Gusties to Take Part in People’s Climate March in NYC

Posted on September 18th, 2014 by

People's Climate March

Kyle Maloney ’15, Mackenzie Brill ’15, Nicole Ektnitphong ’15, and Courtney Train ’15 are four of the nine Gusties who will attend the People’s Climate March this weekend (Photo by Nick Theisen ’15).

Just two and a half weeks into the academic year, nine Gustavus Adolphus College students have been busy organizing and preparing to make a trip to New York City for the People’s Climate March on Sunday, Sept. 21. The group of Gustavus students will join more than 1,400 partnering organizations at the march, including businesses, unions, religious groups, environmental groups, schools, social justice groups, and more to collectively stand up for environmental justice.

The People’s Climate March (PCM) is a national event where people will flood the streets of New York to peacefully express their shared belief in the need for collaborative methods of addressing global climate change. The March has been timed to coincide with the United Nations Climate Summit, which will be held in New York two days later on Sept. 23. Solidarity events have also been planned across the globe to show world leaders that there is international demand for definitive commitments to make necessary changes for environmental justice and equality.

Senior Nicole Ektnitphong ’15 learned about the People’s Climate March from her network of student organizers, whom she met during the Keystone XL Dissent last spring in Washington, D.C. She stepped into a primary organizing role for PCM because she sees this opportunity as something all members of the Gustavus community should be aware of, especially students.

“People’s Climate March is a chance for us as students to live beyond the Gustavus community and really be engaged in the world around us, which I like to think Gustavus tries to cultivate in our education and our time here,” Ektnitphong said.

Fellow senior Mackenzie Brill ’15 was drawn into the organizing process as a result of the commitment to community she shares with fellow students and faculty on campus as well as to the world around her.

“Organizing is where it all starts. A few people share a common goal and are able to rally around this crazy idea of going out to New York for this march and, knowing Gusties and their commitment to this issue and to each other and to their community, I knew that we would have interest in People’s Climate March,” Brill said.

The organizing work for events of this nature demand a lot of energy but have significant impacts which keep student leaders motivated. “It has been really fulfilling to get together with other student organizers because it’s this chance to create something and translate that into opportunities for other students,” Ektnitphong said. “That’s really unique.”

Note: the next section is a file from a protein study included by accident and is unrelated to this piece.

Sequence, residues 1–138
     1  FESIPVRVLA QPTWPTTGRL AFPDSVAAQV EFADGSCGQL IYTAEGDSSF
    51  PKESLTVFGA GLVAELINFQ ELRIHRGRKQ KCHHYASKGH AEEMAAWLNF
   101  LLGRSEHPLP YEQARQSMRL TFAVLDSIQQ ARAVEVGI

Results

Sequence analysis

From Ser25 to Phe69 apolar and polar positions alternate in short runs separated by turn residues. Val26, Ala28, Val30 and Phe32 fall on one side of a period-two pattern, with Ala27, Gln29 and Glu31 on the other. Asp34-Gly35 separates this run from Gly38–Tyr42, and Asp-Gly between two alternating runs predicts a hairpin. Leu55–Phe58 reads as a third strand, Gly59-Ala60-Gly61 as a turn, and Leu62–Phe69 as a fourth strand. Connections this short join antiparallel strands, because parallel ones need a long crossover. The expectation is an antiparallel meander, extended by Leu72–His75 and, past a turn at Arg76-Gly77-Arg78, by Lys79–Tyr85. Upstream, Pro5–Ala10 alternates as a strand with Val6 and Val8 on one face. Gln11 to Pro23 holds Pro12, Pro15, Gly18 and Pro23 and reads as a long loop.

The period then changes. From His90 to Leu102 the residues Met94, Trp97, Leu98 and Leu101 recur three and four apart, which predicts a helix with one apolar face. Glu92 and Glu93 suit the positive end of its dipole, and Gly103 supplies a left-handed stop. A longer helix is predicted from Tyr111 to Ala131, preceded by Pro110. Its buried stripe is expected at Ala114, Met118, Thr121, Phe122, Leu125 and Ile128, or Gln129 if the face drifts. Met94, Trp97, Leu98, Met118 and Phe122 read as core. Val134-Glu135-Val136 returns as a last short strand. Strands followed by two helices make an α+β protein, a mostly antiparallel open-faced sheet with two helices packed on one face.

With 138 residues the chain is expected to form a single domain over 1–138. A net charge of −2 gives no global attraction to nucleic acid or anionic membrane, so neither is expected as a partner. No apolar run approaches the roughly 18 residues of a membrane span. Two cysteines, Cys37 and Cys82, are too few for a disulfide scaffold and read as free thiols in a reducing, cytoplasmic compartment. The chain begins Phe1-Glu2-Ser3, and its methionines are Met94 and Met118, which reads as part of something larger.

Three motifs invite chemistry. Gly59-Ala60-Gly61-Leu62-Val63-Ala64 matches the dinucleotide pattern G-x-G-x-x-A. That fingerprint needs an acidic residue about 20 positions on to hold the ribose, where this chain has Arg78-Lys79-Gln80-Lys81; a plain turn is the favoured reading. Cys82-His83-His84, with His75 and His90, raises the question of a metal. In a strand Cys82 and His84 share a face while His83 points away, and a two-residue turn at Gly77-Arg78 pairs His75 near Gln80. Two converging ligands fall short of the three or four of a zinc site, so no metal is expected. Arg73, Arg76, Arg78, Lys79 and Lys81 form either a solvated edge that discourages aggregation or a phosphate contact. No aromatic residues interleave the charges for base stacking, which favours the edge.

Jim Dontje, Director of Gustavus’s Johnson Center for Environmental Innovation and faculty advisor for the Gustavus Greens, has been working with student organizers for past and present events alike and is often in awe of how much students step up to lead.

“The organizing effort for events such as PCM cannot be the project of any one person,” Dontje said. “We all have to own it, and one of the things I’ve seen with the student organizing efforts around PCM is that they have been student lead and student planned, but they reach out for support when needed.”

The early goal of the student organizers was to inform students and provide the opportunity for them to travel to New York for PCM, but the group also remains focused on what comes after September 21st.

“By participating in PCM I hope students will discover their power,” Brill said. “We don’t realize how much power we do have and what can be done when we use it. I have a lot of faith in people coming together, uniting for the exact same reason even when they come from all different walks of life.”

Ektnitphong knows that the opportunity to connect with so many people at PCM will have a huge impact on each individual attending the march and could also influence the environmental justice movement on the Gustavus campus.

“People’s Climate March will hopefully be remembered in history as the largest climate march and to know that Gustavus students are going to be a part of that is really exciting.”


Media Contact: Director of Media Relations and Internal Communication JJ Akin


One Comment

  1. Michael Haeuser says:


    How will these students, and the others attending the event, travel to New York? Has the national or Minnesota PCM chartered buses, planes or trains so as to limit the use of fossil fuels to reach the gathering? Just trying to understand the logistics of this demonstration. Thank you.

    Michael Haeuser
    Emeritus Faculty.